Take the 2-minute tour ×
Stack Overflow is a question and answer site for professional and enthusiast programmers. It's 100% free, no registration required.

I am trying to make a program that deletes all the tags in html document. So I made a program like this.

import urllib
loc_left = 0
while loc_left != -1 :
    html_code = urllib.urlopen("http://www.python.org/").read()

    loc_left = html_code.find('<')
    loc_right = html_code.find('>')

    str_in_braket = html_code[loc_left, loc_right + 1]

    html_code.replace(str_in_braket, "")

but It showes the error message like below

lee@Lee-Computer:~/pyt$ python html_braket.py
Traceback (most recent call last):
  File "html_braket.py", line 1, in <module>
    import urllib
  File "/usr/lib/python2.6/urllib.py", line 25, in <module>
    import string
  File "/home/lee/pyt/string.py", line 4, in <module>
    html_code = urllib.urlopen("http://www.python.org/").read()
AttributeError: 'module' object has no attribute 'urlopen'

And one thing that is interesting is, what if I typed the code into python, the error above wouldn't show up.

share|improve this question
    
I don't get that error when I try your program. Are you sure you've posted the whole program? –  payne Feb 19 '11 at 21:05
    
really? I had to modify some part of code, such as typo like loc_left, loc_right + 1 to loc_left : loc_right + 1 –  Jaebum Feb 21 '11 at 6:02

2 Answers 2

up vote 5 down vote accepted

You've named a script string.py. The urllib module imports this, thinking that it's the same string module that's in the stdlib, and then your code uses an attribute on the now partially-defined urllib module that doesn't yet exist. Name your script something else.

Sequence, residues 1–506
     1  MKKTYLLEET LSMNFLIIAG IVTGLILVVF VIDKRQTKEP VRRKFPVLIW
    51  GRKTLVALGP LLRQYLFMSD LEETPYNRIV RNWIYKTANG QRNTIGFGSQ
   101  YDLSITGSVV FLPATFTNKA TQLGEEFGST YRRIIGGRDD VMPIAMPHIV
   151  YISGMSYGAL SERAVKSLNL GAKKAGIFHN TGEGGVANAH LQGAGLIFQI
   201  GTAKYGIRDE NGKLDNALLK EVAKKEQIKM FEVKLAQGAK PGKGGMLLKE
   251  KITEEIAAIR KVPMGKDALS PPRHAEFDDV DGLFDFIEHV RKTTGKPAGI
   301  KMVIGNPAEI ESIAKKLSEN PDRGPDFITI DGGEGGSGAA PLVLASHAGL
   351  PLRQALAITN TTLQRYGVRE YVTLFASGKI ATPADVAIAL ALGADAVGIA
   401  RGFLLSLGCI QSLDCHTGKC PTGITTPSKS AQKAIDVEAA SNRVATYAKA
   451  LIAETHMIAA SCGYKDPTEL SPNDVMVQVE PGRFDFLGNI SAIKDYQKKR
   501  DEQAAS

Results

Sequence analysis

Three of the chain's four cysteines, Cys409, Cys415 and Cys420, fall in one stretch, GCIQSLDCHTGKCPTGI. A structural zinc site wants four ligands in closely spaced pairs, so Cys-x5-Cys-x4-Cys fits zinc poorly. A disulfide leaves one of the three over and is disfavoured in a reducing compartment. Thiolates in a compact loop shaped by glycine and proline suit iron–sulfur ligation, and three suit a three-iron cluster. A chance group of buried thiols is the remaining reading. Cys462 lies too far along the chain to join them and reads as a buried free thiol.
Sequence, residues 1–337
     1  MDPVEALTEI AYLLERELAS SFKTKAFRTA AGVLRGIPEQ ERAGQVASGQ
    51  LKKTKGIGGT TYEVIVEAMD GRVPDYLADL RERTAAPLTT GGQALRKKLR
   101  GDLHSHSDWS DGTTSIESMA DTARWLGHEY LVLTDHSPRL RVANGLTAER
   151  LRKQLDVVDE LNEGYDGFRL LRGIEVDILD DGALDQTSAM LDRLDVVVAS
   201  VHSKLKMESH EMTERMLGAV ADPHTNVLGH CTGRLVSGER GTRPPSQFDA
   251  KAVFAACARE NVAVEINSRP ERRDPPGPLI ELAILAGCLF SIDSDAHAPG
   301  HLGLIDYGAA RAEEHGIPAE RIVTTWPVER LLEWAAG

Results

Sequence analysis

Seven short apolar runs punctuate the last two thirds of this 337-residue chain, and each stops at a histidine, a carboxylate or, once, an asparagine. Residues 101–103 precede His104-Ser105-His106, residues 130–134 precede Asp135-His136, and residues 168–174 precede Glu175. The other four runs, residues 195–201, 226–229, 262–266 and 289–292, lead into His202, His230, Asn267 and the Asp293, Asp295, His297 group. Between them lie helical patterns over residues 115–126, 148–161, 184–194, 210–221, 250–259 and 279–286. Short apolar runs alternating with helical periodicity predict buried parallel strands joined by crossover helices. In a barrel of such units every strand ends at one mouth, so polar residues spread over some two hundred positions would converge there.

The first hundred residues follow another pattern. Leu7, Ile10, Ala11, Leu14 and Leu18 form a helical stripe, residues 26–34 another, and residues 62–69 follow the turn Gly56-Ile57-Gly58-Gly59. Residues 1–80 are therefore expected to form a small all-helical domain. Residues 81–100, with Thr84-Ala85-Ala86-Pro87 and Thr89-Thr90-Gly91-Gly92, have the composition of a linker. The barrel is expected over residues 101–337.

share|improve this answer

Step one is to download the document so you can have it contained in a string:

import urllib
html_code = urllib.urlopen("http://www.python.org/").read() # <-- Note: this does not give me any sort of error

Then you have two pretty nice options which will be robust since they actually parse the HTML document, rather than simply looking for '<' and '>' characters:

Option 1: Use Beautiful Soup

from BeautifulSoup import BeautifulSoup

''.join(BeautifulSoup(page).findAll(text=True))

Option 2: Use the built-in Python HTMLParser class

from HTMLParser import HTMLParser

class TagStripper(HTMLParser):
    def __init__(self):
        self.reset()
        self.fed = []
    def handle_data(self, d):
        self.fed.append(d)
    def get_data(self):
        return ''.join(self.fed)

def strip_tags(html):
    s = MLStripper()
    s.feed(html)
    return s.get_data()

Example using option 2:

In [22]: strip_tags('<html>hi</html>')
Out[22]: 'hi'

If you already have BeautifulSoup available, then that's pretty simple. Pasting in the TagStripper class and strip_tags function is also pretty straightforward.

Good luck!

share|improve this answer

Your Answer

 
discard

By posting your answer, you agree to the privacy policy and terms of service.

Not the answer you're looking for? Browse other questions tagged or ask your own question.